co-conspirator has ―purposely availed‖ herself of the privilege of conducting activities in the
forum and therefore has fair warning that she could be subject to suit there—the motivating
concern behind the Supreme Court’s decisions in Burger King and Worldwide Volkswagen. Id.
at 495; see also Neubert, 739 F. Supp. 2d at 816 (―Although all four elements are required, it is
this second element that is crucial to making the conspiracy theory of jurisdiction
Plaintiff has failed to meet his burden of presenting a prima facie showing on this second
element of the test to establish the Court’s jurisdiction over Doris Gold. To be sure, the
Complaint alleges that she (i) received $70,000 from the sale of the boat in the form of eight
checks, each for less than $10,000; (ii) was a ―willful, knowing, and active participant‖ in the
scheme to keep the proceeds from Plaintiff; and (iii) had no rightful interest in the money at
issue. (Compl. ¶ 13.) The cancelled checks from the boat’s buyers, which provide Maryland
addresses for the buyers and for their bank, also imply that (iv) Doris Gold knew that the
proceeds from the boat’s sale originated in Maryland. (See Cancelled Checks.) Furthermore, the
Complaint alleges that (v) the boat was kept in, used and operated from West Ocean City,
Maryland, and (vi) Scott Gold was aware of its location. (Compl. ¶ 6.) However, at no point
does Plaintiff allege that Doris Gold should reasonably have known at the time of her agreement
with her son that any portion of the conspiracy was likely to occur in Maryland. Plaintiff does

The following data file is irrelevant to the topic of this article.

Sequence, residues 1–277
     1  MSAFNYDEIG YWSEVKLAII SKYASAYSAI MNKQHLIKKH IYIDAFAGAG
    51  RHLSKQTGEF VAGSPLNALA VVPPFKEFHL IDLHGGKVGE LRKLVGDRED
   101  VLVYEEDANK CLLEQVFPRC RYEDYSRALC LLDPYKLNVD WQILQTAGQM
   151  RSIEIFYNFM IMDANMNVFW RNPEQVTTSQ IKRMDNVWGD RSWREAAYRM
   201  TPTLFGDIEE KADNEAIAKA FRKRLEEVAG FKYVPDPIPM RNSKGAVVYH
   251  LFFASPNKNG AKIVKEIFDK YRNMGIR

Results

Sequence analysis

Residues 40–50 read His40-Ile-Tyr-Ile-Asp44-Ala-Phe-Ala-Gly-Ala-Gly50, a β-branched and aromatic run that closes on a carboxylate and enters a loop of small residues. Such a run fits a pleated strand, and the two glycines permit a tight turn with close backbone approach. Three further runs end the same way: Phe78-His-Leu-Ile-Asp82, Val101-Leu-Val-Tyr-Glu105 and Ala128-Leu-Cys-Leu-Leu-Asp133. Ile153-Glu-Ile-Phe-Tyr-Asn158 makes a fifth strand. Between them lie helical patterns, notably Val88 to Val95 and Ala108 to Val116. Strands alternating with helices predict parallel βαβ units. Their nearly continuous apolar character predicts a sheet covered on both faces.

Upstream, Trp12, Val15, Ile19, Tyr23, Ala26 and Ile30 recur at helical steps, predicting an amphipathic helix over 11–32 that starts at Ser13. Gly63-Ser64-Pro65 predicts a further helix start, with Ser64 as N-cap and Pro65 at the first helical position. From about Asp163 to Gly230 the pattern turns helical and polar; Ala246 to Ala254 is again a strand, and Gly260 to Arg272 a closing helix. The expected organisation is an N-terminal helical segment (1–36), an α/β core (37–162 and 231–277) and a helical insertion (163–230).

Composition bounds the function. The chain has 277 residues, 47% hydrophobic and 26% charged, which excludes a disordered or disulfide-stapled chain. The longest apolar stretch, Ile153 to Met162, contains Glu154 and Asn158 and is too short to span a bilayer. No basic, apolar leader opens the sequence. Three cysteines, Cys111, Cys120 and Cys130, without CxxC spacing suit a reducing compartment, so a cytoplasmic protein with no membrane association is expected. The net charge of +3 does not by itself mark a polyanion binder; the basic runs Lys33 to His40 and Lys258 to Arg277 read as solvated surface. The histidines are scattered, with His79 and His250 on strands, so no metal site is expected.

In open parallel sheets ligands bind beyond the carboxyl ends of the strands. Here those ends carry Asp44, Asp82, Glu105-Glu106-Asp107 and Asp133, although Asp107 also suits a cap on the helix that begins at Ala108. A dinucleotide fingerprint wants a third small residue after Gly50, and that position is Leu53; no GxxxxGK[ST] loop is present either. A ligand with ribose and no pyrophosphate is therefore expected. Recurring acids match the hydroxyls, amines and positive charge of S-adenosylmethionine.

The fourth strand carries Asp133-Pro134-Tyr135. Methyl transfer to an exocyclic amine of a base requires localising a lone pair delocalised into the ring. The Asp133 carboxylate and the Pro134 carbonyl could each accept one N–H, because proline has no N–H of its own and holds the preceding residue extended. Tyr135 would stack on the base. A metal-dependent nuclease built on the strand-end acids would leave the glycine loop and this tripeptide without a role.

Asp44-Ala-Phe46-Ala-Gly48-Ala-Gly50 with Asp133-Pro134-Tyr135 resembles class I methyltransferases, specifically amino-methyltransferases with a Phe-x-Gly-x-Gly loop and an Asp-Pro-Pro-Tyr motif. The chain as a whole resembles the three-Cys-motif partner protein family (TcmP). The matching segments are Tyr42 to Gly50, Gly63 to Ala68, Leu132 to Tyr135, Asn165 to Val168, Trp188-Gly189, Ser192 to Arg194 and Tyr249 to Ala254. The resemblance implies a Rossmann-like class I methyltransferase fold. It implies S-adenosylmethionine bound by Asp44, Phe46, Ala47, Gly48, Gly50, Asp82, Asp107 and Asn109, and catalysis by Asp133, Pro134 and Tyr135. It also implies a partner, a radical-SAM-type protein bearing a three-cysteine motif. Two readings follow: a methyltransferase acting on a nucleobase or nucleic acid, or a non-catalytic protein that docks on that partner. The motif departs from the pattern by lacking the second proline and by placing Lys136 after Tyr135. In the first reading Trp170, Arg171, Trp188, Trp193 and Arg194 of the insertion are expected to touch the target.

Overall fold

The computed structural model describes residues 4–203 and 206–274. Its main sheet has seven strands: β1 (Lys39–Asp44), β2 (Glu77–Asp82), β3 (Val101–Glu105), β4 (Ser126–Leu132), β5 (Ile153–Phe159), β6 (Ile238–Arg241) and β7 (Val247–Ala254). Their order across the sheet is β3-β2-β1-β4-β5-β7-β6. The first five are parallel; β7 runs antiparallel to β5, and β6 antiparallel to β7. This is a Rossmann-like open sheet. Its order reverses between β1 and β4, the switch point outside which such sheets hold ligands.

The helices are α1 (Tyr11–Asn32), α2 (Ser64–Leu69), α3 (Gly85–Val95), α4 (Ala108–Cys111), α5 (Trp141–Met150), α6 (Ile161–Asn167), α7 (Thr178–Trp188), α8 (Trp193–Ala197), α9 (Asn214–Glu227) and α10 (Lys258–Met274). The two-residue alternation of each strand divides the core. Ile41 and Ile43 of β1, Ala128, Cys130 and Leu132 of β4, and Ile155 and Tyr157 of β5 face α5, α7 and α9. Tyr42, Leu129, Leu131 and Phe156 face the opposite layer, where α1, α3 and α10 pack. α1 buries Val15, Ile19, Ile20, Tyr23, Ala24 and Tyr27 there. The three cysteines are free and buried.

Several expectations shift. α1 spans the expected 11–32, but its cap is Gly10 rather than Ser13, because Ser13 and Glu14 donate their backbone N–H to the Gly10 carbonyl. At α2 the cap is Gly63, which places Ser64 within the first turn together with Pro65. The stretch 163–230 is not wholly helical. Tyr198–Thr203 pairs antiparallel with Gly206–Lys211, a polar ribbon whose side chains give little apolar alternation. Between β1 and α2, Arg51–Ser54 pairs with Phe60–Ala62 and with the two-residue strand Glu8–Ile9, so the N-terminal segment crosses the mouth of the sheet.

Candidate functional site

not allege at what time his ex-wife became aware of the locations of the boat, the buyers, or the
sale, nor does he allege when the Defendants formed their alleged agreement to defraud him. By
failing to allege such facts, Plaintiff has not met his burden in response to Doris Gold’s challenge
to the Court’s jurisdiction. If Doris Gold did not reasonably understand, when she entered the
agreement with her son, that events had occurred or were occurring under the umbrella of the
conspiracy that established minimum ties to Maryland, and, more importantly, if Plaintiff cannot
plausibly allege the same, then the case against Doris Gold cannot go forward here. The
complaint, certainly as it is drawn currently, is deficient as to her. Accordingly, her motion to
dismiss will be granted without prejudice.
Because the Court will grant Doris Gold’s motion based on element two, it need not
decide whether Plaintiff has met his burden under element four of the conspiracy theory of
personal jurisdiction (i.e., whether Plaintiff has alleged that Scott Gold’s conduct met either the
in-state tort or the in-state business transaction prong of Maryland’s long-arm statute).
For the foregoing reasons, Defendant Doris Gold’s motion to dismiss will be granted
without prejudice. A separate order shall issue.
DATED this 12th day of May, 2017.
BY THE COURT:
James K. Bredar
United States District Judge